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Why Software Has Bugs

I’ve been thinking about the causes of bugs in software in the past week.  I reflect on this a lot and as I get older, I try to put habits into place that eliminate bugs before they happen.  As an example, in doing string manipulation in C, I had a nasty habit of writing the null terminator in the wrong place – always off by one on the generous side.  I put into place a habit that eliminated this by effectively proving my code correct through induction as I wrote it.

But these kinds of bugs are the microscopic bugs.  I’m thinking of the more granular and endemic.

The main three causes of larger bugs are:

  1. Finite memory
  2. Finite storage
  3. Finite processing time

I say this because when the straightforward solution for a problem is not so good, it requires us to be clever instead.  And this quote from Brian Kernighan is a pretty good illustration of why that’s not always the best thing:

Debugging is twice as hard as writing the code in the first place. Therefore, if you write the code as cleverly as possible, you are, by definition, not smart enough to debug it.

Take, for example, color quantization.  This is the task of selecting a good, finite palette of colors to be used in rendering a continuously colored image.  I can describe a straight forward algorithm very concisely:

foreach (pixel in image)
    add the color to a histogram
while size of histogram > desired number of colors
    merge least frequent colors into nearest greater frequencied colors

There we go.  Color quantization in 4 lines of code.  The problem is that in a 24 bit image, there could be up to 16,777,216 (224) possible colors, and the main chunk of a straightforward histogram will require 67,108,864 bytes, but since we have to merge, we can’t just store the frequency – we’ll need the color too, so that’s 134,217,728 bytes.  So scanning the histogram on the first pass alone will take something on the order of 33M operations (16M reads and 16M compares) – and you want to do this because you want to eliminate all the empty cells.  Then you need to sort the cells on frequency – there’s an n * log n operation, where n is in the millions.

It’s bad.  Really bad.  You could get away with another approach of limiting your histogram to the size of the image – that’s good – you can’t have any more unique colors than you have pixels, but now each time you record a color, you’re going to either have to hash on the color or insertion sort.  The cleverness required just went up.

There is a fairly good way to do quantization called Octree Quantization  (Michael Gervautz, Werner Purgathofer), which uses a sparse tree where each node has up to 8 children and the greatest depth of the tree is 8.  In this case, r, g, and b components are used to navigate a path through the tree by using most to least significant bits in r, g, and b to select a child from a given node.  When the load on the tree gets too high, it gets reduced.  This is all very, very clever and to make it perfomant requires even more cleverness.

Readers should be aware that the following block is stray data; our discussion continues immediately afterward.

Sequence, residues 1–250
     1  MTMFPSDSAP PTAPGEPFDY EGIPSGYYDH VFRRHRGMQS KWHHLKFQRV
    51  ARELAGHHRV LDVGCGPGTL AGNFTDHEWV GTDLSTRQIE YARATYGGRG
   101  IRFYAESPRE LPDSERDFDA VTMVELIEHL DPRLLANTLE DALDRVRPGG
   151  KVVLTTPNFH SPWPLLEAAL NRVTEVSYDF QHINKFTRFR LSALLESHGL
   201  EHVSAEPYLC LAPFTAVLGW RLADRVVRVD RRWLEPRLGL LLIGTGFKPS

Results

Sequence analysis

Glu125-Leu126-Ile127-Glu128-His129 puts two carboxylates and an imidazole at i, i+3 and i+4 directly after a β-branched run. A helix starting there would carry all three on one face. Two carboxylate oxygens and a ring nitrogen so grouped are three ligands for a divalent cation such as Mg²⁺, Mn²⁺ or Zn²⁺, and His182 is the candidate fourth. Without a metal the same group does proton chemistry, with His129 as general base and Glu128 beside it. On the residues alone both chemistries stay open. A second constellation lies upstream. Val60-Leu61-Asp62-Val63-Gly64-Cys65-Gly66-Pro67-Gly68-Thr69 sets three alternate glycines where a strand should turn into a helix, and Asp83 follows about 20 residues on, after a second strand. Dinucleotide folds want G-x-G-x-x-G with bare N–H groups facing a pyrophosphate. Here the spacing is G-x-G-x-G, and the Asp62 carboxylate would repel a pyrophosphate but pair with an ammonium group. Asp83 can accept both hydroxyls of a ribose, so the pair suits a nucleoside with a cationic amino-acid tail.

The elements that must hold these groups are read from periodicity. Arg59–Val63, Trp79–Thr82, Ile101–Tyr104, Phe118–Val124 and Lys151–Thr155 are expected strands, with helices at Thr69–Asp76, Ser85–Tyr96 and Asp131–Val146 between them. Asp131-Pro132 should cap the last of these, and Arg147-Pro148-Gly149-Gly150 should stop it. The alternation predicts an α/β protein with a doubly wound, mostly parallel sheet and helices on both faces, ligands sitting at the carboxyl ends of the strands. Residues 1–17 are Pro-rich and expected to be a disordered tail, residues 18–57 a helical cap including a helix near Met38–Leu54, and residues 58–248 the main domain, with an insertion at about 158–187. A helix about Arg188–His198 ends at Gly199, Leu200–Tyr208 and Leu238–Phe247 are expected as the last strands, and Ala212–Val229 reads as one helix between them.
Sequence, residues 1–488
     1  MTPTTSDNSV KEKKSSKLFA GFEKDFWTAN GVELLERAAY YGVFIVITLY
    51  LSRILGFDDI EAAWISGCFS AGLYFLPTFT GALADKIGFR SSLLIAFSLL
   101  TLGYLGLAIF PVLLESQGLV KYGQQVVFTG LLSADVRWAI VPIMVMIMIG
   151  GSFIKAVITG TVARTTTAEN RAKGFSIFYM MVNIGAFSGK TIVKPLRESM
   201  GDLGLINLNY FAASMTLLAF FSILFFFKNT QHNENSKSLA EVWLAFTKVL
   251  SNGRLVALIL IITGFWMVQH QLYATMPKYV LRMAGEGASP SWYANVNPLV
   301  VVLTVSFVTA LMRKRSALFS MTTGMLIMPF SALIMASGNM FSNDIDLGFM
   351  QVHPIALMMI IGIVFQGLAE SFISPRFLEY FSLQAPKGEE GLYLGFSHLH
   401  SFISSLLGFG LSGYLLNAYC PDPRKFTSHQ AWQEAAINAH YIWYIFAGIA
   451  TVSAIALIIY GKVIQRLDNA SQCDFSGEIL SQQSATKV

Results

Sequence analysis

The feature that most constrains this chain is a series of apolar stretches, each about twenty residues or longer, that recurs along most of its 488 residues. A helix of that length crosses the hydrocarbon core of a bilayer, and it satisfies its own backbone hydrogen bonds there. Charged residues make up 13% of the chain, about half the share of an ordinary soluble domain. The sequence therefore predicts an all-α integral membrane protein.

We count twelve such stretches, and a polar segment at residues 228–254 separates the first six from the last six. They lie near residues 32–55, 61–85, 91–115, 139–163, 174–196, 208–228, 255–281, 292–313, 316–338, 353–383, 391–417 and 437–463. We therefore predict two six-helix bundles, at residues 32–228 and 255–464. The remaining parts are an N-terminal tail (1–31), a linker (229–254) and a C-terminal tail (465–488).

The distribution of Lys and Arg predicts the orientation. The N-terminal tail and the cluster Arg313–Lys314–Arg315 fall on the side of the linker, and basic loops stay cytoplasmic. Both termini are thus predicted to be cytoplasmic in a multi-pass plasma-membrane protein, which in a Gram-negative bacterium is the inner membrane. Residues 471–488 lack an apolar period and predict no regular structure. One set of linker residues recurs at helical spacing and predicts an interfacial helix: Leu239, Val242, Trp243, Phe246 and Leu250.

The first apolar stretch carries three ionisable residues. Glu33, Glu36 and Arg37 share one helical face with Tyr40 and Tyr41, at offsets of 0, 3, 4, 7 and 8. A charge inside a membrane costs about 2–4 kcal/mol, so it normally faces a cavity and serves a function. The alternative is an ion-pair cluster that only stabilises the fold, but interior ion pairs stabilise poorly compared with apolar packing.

I say this because in implementing the algorithm on my test image, which had 16M pixels in it, I found that one particular routine – a very simple one – was getting called 75M times.  This is bane of image processing.  Simple routines that get called an insane number of times.  With some refactoring, I eliminated 2/3 of the cost of that routine.  Ultimately, the running time of the quantization in managed code on a 2.4G machine was 3.3 seconds.  Compare this with the cost of simply scanning the image, which is .374 seconds. 

But each of these refactorings adds complexity and complexity adds bugs.  And the ultimate cause of those bugs is limited resources, because each change in algorithm and each refactoring was necessitated by the problem scope.   Roughly 10% of the cost of quantization is scanning the image and 90% is cleverness.  You shouldn’t be surprised now about why I think that cleverness causes bugs.

So what can we do to avoid the cost of cleverness?

  1. Don’t assume you need to be clever a priori
  2. Use a language appropriate to the problem domain
  3. Use well-debugged, well-tested libraries to do common data structuring
  4. Strive to keep your code as clean1 and as readable as possible
  5. Optimize based on measurements not instinct
  6. Unit test before and after refactoring

1by clean, I mean something similar to the adage of always wearing clean underwear because you might have to go to the hospital – if you just refactored and someone else had to pick up you code, would they want to jam spikes into their eyes (or for the clearer thinkers, would they want to jam spikes into your eyes)?

Published Thursday, July 08, 2010 10:20 AM by Steve Hawley


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